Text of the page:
Helping Your Anxious Child

10 Jun, 2015 Categories: Blog

Anxiety is something that affects us all in our lives. It’s something we can’t stop and is a part of human functioning. Worrying about things can be extremely useful and helps to keep us safe, much in the same way that having anxiety is our bodies response to a threat, and so it acts in a way to help us to survive. Therefore, a certain level of anxiety in our body is perceived as normal and helpful, however, there are times when it becomes too much, significantly affects our lives and its impact is debilitating and overwhelming. At this point an intervention is necessary which will help to reduce the symptoms of anxiety and help the mind and body return to more balanced functioning. Symptoms of anxiety can include so many different things, but some common traits may be excessive nervousness or clinginess, avoidance of things that once the person enjoyed, sleep disturbance, appetite disturbance and a host of physiological symptoms such as heart palpitations, shortness of breath, hot and cold flushes, trembling and shaking, feeling or being sick, dizziness or sweating. If these symptoms are present then your child may be struggling with anxiety difficulties.

There are ways that parents can support their children or teens to manage anxiety. As anxiety can have a complex presentation, creating a formulation or story as to why your child is experiencing these difficulties can be extremely helpful, not only to your child but also to yourself in understanding the type of anxiety and the reason why it’s started. A formulation may also help you to understand what is maintaining the problem; arguably the most important part of understanding the anxiety and working through it. A formulation consists of the ‘vulnerability factors’- what has made your child vulnerable to anxiety, such as another mental health concern or parental mental health concern. Then you have to consider the ‘triggers’- what events have happened in the child’s life that may have created some anxiety and finally the ‘maintaining’ factors- what is keeping the anxiety going. In most cases, avoidance is the single biggest maintaining factor and maintains the anxiety. Now you have your formulation, the anxiety should be clearer to understand. You may also want to share this formulation with your child as this is what a therapist would do. It can often be reassuring if the young person knows what’s happening to them and why. From this point, if you feel comfortable, you may want to explore more of the anxiety in depth. To do this you could adopt a CBT technique called Socratic Questioning. There is a variety of information available online, written by Christine Padesky, on the use of Socratic Questioning. This technique helps to uncover more detail about the anxiety. In most cases, the anxiety will require treatment by a qualified mental health professional but this will certainly help you to get started with therapy far quicker.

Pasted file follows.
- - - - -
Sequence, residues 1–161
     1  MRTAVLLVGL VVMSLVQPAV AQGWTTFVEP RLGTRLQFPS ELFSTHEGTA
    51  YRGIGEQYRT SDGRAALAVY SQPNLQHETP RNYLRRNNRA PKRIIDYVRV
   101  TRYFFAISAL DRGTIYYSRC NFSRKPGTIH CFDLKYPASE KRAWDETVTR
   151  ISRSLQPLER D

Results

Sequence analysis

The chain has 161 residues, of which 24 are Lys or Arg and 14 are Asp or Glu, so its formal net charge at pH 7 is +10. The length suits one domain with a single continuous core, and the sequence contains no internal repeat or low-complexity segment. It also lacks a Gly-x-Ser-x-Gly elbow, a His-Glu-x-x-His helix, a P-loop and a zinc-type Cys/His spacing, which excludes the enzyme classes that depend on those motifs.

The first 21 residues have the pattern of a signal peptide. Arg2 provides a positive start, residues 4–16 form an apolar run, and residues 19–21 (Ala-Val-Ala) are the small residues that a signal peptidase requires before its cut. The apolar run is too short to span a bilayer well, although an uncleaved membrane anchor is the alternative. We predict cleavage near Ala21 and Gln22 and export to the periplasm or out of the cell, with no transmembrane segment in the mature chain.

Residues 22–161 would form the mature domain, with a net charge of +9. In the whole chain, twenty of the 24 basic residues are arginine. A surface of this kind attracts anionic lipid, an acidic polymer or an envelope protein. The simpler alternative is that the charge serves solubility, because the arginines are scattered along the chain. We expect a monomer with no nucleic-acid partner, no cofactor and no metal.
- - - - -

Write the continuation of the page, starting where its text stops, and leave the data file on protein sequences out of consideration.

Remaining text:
Some more basic yet useful strategies would include being a good listener and give your child the time to talk about their worries. Also, you would want to take the worries seriously and be emphatic. Try not to belittle the worries and instead be very curious about them. Many young people tell me that they feel misunderstood, that people don’t understand how hard the anxiety is to manage and that people telling them to ‘get over it’, ‘pull your socks up’ or such phrases can be very unhelpful. So keep an open mind about your child’s worries and just listen.

You may also want to give some gentle encouragement with regards to the avoidance strategies that your child presents with. In CBT we can this graded exposure. The role of avoidance maintains the anxiety, as every time someone avoids something that worries them, they never get to see if what they fear will actually happen. Only by doing the activity can the person challenge their belief systems and see that in most cases it’s not as bad as they think it will be. This should be done gently to start with, increasing with difficulty as the young person feels more confident. In many cases a phrase card with some positive affirmations on can be useful, and the young person can keep it with them and refer to it when they feel worried about something. This also helps to challenge beliefs and acts as a source of motivation. You may also want to encourage strategies such as deep breathing, especially if your child is experiencing panic. Due to the shortness of breath experienced with anxiety, regulating breathing is crucially important. Long deep breaths are very helpful in restoring the diaphragm to appropriate functioning. It will also help if you yourself stay calm, be reassuring and remind your child of the strategies that work. To orchestrate this you may want to do lots of psycho-education with your child this is the process by which you explain anxiety, it’s causes and the evidence base behind the strategies that work, all of which can be found on respected websites such as NHS Choices.

Many more strategies can be found online such as www.helpguide.org or www.anxietybc.com. Each child responds differently to strategies so it may be a little bit of trial and error until you find the strategies that work best. Be patient and consult with a professional if you feel that it can not be self managed within the family.